Karl Strom

With UnitedHealth (UNH) Group’s entry into the hearing aid market by leveraging their considerable access to physicians and At-home hearing test at www.hihealthinnovations.com, it brings the inevitable anxious question: “What does this mean for my business?” UNH is a behemoth even among health insurance giants, serving approximately 70 million people nationwide and posting a net income of $4.6 billion in 2010 (see HR online news and the interview with hi HealthInnovations CEO Lisa Tseng, MD).

However, I believe—when the dust settles—it will become clear that all direct-to-consumer hearing aid companies face certain obstacles in capturing the most-valuable parts of the hearing care market. These obstacles include personalized fitting, programming, and verification/validation to achieve acceptable customer satisfaction levels; appropriate hearing testing and counseling relative to hearing loss and hearing aid use; state-by-state and federal dispensing requirements, etc. We’ve all heard the overused comparisons of direct-mail hearing aids and personal sound amplification devices (PSAPs) to “cheater glasses” in the optical industry, but allow me to point out three other important (and possibly overused) phrases:

  • Hearing aids really are only one component in the aural (re)habilitation process;
  • You don’t fit hearing aids on an audiogram; you fit them on a variety of people with vastly different physical, social, and environmental needs;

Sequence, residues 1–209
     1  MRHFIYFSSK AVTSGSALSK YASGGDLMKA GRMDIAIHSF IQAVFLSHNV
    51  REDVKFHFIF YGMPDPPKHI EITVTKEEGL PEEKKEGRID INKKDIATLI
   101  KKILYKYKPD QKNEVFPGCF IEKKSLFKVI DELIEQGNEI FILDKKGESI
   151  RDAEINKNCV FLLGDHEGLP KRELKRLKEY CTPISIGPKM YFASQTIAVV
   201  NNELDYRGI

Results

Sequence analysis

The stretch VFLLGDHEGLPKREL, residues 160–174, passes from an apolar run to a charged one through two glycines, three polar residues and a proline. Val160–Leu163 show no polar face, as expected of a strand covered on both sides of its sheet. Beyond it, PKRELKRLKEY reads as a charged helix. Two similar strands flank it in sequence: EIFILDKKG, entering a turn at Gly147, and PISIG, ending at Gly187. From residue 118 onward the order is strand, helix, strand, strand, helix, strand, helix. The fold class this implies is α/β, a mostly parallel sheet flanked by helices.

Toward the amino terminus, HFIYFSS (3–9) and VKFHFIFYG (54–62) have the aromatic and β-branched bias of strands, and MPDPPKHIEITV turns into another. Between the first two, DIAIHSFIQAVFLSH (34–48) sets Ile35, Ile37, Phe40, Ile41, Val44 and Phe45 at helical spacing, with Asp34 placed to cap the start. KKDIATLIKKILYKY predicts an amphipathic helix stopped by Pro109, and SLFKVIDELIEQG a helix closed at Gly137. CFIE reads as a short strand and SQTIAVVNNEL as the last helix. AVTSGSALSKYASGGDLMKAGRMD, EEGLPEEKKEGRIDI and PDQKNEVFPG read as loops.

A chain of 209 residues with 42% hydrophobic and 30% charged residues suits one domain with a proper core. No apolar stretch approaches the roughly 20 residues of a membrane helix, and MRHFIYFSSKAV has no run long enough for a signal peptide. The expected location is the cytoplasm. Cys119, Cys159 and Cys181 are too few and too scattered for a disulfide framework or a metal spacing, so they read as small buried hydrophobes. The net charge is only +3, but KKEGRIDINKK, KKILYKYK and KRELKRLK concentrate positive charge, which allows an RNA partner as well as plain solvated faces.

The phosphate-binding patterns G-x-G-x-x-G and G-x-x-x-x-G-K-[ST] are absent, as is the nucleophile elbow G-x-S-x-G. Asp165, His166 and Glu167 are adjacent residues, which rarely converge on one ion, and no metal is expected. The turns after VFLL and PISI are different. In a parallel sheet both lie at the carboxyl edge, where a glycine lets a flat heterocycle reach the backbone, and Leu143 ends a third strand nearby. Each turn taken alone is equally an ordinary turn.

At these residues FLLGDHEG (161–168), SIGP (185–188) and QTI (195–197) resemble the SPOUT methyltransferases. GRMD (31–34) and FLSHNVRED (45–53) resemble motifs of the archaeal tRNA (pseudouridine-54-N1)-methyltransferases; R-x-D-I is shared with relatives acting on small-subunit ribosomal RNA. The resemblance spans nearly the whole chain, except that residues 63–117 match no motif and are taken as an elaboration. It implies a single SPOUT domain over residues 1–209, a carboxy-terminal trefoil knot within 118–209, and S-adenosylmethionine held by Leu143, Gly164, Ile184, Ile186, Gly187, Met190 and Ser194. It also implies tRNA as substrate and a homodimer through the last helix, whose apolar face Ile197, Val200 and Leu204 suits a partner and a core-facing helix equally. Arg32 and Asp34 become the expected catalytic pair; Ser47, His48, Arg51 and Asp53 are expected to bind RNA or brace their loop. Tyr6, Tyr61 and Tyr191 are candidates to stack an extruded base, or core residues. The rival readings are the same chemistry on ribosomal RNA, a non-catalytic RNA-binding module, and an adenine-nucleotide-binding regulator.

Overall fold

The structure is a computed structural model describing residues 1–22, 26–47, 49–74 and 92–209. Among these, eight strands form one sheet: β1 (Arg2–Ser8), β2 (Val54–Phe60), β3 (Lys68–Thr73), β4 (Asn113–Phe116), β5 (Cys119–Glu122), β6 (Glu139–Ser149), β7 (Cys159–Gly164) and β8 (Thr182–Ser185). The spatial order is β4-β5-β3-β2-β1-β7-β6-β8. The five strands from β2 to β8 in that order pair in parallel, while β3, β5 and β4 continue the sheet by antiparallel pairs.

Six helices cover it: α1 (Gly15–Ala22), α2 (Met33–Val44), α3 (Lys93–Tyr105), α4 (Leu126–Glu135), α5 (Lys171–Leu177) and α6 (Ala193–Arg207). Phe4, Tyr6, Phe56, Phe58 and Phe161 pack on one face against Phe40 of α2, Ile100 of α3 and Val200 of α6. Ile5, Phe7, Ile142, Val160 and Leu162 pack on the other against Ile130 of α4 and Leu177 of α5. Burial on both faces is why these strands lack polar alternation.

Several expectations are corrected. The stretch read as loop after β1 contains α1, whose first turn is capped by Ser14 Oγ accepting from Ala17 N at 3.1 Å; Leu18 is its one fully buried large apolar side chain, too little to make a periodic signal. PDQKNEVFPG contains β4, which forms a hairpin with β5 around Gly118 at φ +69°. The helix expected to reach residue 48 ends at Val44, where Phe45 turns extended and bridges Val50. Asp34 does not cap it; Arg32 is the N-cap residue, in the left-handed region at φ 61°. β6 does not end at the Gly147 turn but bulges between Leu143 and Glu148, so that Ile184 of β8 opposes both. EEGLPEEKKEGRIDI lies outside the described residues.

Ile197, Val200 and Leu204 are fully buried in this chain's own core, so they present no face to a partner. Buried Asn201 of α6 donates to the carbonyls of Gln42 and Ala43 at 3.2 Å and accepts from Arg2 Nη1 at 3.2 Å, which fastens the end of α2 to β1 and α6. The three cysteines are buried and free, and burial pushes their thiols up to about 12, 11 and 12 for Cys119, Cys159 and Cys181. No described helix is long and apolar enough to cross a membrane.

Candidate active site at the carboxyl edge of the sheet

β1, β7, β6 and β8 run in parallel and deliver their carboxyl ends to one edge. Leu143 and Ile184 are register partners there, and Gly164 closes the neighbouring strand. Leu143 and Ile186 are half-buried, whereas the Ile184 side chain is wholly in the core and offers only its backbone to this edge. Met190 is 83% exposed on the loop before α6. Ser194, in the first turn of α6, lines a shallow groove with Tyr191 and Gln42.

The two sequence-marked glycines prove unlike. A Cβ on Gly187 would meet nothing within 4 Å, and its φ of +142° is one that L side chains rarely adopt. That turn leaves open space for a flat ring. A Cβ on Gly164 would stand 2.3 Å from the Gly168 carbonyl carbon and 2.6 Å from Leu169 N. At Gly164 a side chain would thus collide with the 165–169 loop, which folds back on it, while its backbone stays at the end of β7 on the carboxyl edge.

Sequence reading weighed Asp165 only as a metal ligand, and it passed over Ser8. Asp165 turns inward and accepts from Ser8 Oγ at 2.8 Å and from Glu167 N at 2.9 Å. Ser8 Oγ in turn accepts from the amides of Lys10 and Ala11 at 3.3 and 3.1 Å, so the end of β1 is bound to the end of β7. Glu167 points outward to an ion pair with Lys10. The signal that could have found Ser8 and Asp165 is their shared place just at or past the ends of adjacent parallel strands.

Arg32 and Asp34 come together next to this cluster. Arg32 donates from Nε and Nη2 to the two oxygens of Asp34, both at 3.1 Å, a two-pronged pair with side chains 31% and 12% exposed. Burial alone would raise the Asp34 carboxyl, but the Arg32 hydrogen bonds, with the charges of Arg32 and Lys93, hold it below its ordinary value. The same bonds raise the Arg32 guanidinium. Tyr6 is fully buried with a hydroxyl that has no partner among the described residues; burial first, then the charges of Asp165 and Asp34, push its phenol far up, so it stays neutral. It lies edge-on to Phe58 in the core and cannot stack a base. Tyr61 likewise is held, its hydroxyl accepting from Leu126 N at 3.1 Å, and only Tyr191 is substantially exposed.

• Most hearing losses are sensorineural in nature, and people don’t actually hear with their ears; they hear with their brains.

Indeed, HR has published many articles that point to a need for more procedures (not fewer) and comprehensive protocols that ensure optimal fittings and hearing aid utility, reduction of hearing handicap, and increased levels of customer satisfaction (eg, see the April 2010 article by Kochkin, Beck, Christensen, Compton-Conley, et al). Likewise, it’s also apparent that hearing loss isn’t an isolated health issue, as demonstrated in this month’s intriguing—dare I say landmark—study from Kochkin, Tyler, and Born on tinnitus and hearing aids.

The fact is that direct-mail, OTC, and Internet hearing aids/PSAPs—along with self-tests and self-fitting devices—have been around for many years in different forms, and we can debate (and have debated) their relative value and merit. While “DIY hearing health” is growing slowly in market share, most of these companies can only be described (so far) as having “limited commercial success.” It’s not for lack of trying. The bottom line is this: their largest obstacle (again, so far) in making a significant impact on the hearing industry and/or your business is top-notch patient care.

And quality patient care necessarily comes with a higher price tag for the multitude of services provided, as pointed out in the article by Ron Leavitt, AuD, and colleagues (go to article). In fact, Leavitt et al put forth this “astounding” proposition: you should always put the consumer first, practice what you were trained to do, provide comprehensive services, and charge appropriately for your excellent work in helping people overcome their hearing loss.

Welcome to hearinghealthmatters.org! HR is very proud and excited to announce our first-ever regular column—a collaboration between this magazine and hearinghealthmatters.org (HHM), an exceptional blog started in April by 20-year-veteran trade magazine editor (and, until recently, HR‘s arch-rival) David Kirkwood, as well as Holly-Hosford Dunn, PhD, and several amazing researchers and experts in our field (including HR Editorial Advisory Board Members Marshall Chasin, AuD, and Wayne Staab, PhD). Our BlogPage column will appear each month as the “last say” (back page) in this publication, and HHM and HR hope that you will visit The Blogs at HHM and at hearingreview.com to contribute your own ideas and opinions there.

Karl Strom,